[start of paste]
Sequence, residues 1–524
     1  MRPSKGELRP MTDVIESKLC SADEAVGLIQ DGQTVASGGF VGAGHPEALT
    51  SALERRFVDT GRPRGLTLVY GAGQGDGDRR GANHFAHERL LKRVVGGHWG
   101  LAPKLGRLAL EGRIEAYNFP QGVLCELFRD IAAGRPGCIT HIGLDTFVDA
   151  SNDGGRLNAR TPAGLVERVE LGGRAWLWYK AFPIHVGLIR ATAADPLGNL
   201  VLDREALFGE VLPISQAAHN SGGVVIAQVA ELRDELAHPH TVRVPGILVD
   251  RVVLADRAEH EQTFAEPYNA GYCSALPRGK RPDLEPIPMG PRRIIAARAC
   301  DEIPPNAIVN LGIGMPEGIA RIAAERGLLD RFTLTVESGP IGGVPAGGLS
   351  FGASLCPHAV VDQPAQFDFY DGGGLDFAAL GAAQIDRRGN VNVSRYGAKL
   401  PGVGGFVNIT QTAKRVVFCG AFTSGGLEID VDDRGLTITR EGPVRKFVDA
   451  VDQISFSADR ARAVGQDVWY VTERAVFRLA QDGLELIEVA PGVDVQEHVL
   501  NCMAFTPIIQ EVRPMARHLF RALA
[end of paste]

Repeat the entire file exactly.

Sequence, residues 1–524
     1  MRPSKGELRP MTDVIESKLC SADEAVGLIQ DGQTVASGGF VGAGHPEALT
    51  SALERRFVDT GRPRGLTLVY GAGQGDGDRR GANHFAHERL LKRVVGGHWG
   101  LAPKLGRLAL EGRIEAYNFP QGVLCELFRD IAAGRPGCIT HIGLDTFVDA
   151  SNDGGRLNAR TPAGLVERVE LGGRAWLWYK AFPIHVGLIR ATAADPLGNL
   201  VLDREALFGE VLPISQAAHN SGGVVIAQVA ELRDELAHPH TVRVPGILVD
   251  RVVLADRAEH EQTFAEPYNA GYCSALPRGK RPDLEPIPMG PRRIIAARAC
   301  DEIPPNAIVN LGIGMPEGIA RIAAERGLLD RFTLTVESGP IGGVPAGGLS
   351  FGASLCPHAV VDQPAQFDFY DGGGLDFAAL GAAQIDRRGN VNVSRYGAKL
   401  PGVGGFVNIT QTAKRVVFCG AFTSGGLEID VDDRGLTITR EGPVRKFVDA
   451  VDQISFSADR ARAVGQDVWY VTERAVFRLA QDGLELIEVA PGVDVQEHVL
   501  NCMAFTPIIQ EVRPMARHLF RALA